by Monder Ram
Migrant entrepreneurship is a notable feature of economies across Europe. Self-employment often provides migrants – and established ethnic minority communities – with a job, a mechanism for survival in a context of racial inequality, and for some, a path to social mobility. There are some spectacular successes: a recent study by the Centre of Entrepreneurs (PDF) looked at immigrant entrepreneurs in the ‘heartland SME segment of the economy’ (companies with a turnover between £1 million and £200 million) and found that foreign-born owners were: responsible for one in seven businesses in the UK; almost twice as entrepreneurial as UK-born individuals; and on average, eight years younger than the typical UK-born entrepreneur.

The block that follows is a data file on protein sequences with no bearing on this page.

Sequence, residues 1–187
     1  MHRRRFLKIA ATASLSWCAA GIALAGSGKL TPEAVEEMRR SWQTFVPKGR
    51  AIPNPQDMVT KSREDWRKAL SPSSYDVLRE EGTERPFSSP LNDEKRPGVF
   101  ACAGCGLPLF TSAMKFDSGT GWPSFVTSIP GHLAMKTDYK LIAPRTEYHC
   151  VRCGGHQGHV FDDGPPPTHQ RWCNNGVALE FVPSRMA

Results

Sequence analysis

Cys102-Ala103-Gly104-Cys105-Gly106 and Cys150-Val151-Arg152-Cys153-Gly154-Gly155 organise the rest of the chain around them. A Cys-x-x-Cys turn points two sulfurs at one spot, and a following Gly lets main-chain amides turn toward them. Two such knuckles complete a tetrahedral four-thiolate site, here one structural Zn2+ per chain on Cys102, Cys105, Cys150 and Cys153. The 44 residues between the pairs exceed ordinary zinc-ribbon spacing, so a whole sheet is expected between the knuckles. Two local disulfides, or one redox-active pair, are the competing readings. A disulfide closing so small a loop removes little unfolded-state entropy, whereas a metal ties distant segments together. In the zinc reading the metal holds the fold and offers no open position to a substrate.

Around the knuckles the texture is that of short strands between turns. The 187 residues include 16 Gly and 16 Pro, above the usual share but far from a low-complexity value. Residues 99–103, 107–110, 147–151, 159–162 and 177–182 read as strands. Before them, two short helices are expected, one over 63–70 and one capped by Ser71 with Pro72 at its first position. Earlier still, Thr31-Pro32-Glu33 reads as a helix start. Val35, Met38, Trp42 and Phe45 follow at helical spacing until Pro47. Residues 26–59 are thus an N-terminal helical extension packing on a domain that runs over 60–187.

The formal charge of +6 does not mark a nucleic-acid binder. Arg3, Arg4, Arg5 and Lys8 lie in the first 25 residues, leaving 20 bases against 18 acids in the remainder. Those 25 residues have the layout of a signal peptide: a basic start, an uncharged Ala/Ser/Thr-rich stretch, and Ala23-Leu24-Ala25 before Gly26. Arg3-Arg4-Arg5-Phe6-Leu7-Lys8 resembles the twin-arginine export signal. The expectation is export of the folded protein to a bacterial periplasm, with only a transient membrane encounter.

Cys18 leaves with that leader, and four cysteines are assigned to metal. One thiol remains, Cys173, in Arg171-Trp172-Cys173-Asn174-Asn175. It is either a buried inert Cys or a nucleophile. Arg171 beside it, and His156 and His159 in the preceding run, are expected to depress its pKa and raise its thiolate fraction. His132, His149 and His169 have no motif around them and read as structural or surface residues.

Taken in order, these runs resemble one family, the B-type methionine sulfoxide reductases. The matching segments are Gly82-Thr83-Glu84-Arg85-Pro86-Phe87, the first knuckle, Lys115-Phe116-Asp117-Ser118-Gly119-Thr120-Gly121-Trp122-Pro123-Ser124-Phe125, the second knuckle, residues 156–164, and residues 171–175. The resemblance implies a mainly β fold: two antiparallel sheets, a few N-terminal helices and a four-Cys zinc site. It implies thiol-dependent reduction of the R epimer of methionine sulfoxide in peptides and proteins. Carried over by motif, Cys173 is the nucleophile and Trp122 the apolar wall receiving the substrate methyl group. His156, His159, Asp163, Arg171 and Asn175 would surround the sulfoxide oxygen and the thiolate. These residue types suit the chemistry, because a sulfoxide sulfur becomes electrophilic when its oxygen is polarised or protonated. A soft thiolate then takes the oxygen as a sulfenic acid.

But my colleagues and I at the Centre for Research in Ethnic Minority Entrepreneurship (CREME) usually focus on the smaller, more mundane – and perhaps more representative – entrepreneurial activities of migrants.